For more information on stepper tuning see the Stepper Tuning Chapter. It may be useful to see spikes in latency when other applications are started or used. However, software step pulses also have some disadvantages: Additional command line tools are availalbe for examining latency when LinuxCNC is not running. Then in the summer you repeat the experiment again, with 28 new volunteers. You could just add all the data together and do Fisher's exact test on the total people, but it would be better to keep each of the three experiments separate.

Maybe legwarmers work in the winter but not in the summer, or maybe your first set of volunteers had worse arthritis than your second and third sets. In addition, pooling different studies together can show a "significant" difference in proportions when there isn't one, or even show the opposite of a true difference. This is known as Simpson's paradox. For these reasons, it's better to analyze repeated tests of independence using the Cochran-Mantel-Haenszel test. For our imaginary legwarmers experiment, the null hypothesis would be that the proportion of people feeling pain was the same for legwarmer-wearers and non-legwarmer wearers, after controlling for the time of year.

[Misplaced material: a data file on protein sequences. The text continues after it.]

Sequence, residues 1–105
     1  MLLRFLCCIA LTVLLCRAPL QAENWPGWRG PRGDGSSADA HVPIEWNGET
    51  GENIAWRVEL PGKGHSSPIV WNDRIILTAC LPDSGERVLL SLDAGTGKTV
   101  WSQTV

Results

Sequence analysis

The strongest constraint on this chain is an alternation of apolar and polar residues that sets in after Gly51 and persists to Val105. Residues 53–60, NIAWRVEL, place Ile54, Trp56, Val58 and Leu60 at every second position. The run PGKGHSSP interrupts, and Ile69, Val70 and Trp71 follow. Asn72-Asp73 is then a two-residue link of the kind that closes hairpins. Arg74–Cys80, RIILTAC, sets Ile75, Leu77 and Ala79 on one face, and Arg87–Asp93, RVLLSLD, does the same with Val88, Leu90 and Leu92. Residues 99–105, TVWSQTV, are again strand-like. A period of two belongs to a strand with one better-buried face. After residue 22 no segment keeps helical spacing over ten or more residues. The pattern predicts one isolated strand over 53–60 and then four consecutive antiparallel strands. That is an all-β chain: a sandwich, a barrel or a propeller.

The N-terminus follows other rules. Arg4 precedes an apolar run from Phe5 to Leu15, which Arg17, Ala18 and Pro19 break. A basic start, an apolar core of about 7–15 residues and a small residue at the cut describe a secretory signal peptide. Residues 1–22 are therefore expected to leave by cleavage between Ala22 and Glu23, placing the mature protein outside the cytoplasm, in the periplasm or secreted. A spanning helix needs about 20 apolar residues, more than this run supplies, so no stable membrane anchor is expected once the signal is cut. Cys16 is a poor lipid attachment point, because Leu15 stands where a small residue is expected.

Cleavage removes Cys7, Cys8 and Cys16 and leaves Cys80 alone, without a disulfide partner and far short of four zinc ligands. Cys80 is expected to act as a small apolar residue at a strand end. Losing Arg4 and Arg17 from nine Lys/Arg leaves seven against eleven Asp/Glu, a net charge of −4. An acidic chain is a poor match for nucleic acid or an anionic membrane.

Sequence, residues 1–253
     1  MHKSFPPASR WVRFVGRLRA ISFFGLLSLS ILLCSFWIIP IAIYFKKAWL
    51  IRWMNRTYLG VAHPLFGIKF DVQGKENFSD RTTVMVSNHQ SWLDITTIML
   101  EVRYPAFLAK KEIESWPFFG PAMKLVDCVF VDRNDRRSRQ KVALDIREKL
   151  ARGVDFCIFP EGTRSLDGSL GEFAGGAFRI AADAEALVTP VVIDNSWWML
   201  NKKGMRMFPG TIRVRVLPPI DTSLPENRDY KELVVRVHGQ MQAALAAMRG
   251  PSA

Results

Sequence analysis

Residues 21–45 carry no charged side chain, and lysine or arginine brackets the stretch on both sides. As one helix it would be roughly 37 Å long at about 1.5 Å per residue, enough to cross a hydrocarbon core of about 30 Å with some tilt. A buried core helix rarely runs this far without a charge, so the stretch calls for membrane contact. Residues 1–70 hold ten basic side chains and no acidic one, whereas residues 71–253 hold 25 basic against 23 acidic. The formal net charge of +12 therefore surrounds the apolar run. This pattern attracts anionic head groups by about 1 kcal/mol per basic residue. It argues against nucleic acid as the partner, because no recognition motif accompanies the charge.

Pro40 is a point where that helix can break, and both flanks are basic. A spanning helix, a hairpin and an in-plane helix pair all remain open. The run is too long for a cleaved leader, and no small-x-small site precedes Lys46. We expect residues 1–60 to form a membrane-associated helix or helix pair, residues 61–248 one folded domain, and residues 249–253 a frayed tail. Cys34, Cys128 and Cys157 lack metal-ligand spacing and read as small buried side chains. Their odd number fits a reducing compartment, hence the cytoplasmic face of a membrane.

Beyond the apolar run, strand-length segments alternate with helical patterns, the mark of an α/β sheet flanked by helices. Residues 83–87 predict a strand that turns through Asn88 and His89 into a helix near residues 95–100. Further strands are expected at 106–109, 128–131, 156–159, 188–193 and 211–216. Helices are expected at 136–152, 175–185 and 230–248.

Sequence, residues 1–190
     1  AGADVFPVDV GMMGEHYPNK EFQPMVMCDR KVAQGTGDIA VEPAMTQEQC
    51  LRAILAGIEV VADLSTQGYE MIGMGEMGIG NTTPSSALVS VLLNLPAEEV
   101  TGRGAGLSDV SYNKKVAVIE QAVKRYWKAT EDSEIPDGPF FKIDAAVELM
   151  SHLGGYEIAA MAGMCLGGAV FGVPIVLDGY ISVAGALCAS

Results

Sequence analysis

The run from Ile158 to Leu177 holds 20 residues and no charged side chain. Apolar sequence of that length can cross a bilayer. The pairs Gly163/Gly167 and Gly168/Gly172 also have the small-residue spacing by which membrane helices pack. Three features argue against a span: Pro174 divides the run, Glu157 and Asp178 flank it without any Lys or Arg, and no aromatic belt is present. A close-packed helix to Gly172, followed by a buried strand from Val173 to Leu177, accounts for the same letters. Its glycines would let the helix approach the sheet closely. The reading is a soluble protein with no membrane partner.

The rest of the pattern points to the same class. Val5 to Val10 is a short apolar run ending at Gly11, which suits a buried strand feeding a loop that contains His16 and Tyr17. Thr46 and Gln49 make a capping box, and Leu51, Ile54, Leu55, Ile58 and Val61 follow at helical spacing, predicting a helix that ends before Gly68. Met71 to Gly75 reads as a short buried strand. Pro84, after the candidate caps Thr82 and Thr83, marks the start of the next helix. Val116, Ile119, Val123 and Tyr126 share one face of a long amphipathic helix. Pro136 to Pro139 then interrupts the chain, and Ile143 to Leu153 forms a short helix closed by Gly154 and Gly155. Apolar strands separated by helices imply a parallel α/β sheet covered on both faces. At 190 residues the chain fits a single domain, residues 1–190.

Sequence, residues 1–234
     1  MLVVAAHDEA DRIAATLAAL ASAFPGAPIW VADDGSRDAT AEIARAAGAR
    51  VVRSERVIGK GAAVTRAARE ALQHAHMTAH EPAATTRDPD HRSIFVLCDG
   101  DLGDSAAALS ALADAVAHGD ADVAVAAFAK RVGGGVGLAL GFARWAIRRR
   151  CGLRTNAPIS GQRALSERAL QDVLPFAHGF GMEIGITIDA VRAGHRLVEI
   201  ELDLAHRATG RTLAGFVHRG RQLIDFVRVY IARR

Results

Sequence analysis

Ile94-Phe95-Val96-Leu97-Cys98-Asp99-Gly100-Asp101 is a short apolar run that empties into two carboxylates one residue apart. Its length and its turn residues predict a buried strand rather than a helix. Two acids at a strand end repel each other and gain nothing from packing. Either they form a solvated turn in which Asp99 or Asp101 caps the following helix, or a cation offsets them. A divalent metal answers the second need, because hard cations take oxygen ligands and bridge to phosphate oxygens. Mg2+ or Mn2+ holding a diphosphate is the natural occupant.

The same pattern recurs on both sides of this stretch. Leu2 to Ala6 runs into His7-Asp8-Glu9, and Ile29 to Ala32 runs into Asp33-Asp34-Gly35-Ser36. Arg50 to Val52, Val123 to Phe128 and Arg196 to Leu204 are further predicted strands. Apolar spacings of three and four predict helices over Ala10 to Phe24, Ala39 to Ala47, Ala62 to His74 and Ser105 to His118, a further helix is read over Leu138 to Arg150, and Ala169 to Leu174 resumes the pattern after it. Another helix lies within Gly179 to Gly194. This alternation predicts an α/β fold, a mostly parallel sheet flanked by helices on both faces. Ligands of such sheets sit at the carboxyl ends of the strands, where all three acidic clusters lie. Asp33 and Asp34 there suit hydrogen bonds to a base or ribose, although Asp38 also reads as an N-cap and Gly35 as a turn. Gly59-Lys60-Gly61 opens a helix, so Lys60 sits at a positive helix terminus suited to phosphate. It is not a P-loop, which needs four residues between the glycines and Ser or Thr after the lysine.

The alternative hypothesis is that the proportion of people feeling pain was different for legwarmer and non-legwarmer wearers. Technically, the null hypothesis of the Cochran—Mantel—Haenszel test is that the odds ratios within each repetition are equal to 1. The odds ratio is equal to 1 when the proportions are the same, and the odds ratio is different from 1 when the proportions are different from each other.